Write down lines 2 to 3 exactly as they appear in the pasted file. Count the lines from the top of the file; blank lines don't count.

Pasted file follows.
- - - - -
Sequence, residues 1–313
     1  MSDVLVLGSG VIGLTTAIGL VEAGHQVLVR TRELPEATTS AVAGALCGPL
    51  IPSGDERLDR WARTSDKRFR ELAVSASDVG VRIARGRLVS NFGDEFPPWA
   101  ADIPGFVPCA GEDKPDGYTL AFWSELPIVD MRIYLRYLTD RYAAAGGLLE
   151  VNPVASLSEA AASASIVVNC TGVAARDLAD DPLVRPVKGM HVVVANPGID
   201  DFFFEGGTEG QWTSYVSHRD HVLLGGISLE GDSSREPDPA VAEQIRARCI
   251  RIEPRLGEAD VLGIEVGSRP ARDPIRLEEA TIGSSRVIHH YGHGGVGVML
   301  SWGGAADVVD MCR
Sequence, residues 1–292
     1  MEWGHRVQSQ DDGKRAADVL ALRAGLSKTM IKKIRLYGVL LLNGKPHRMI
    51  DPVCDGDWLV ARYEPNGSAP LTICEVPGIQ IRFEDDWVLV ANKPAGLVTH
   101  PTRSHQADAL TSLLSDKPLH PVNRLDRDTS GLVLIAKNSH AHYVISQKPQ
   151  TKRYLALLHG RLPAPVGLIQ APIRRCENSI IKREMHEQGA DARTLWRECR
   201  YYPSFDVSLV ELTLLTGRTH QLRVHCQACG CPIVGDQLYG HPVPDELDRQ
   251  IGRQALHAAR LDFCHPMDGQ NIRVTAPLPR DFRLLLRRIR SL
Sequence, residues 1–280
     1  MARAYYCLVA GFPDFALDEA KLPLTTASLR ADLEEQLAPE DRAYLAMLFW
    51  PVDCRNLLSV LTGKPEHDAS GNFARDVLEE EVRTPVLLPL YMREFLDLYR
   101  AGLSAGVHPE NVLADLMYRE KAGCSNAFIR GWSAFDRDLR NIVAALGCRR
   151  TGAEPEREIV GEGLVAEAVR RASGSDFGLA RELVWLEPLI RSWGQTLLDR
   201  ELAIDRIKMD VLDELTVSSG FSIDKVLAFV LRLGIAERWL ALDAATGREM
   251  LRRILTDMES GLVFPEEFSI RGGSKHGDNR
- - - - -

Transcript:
     1  MSDVLVLGSG VIGLTTAIGL VEAGHQVLVR TRELPEATTS AVAGALCGPL
    51  IPSGDERLDR WARTSDKRFR ELAVSASDVG VRIARGRLVS NFGDEFPPWA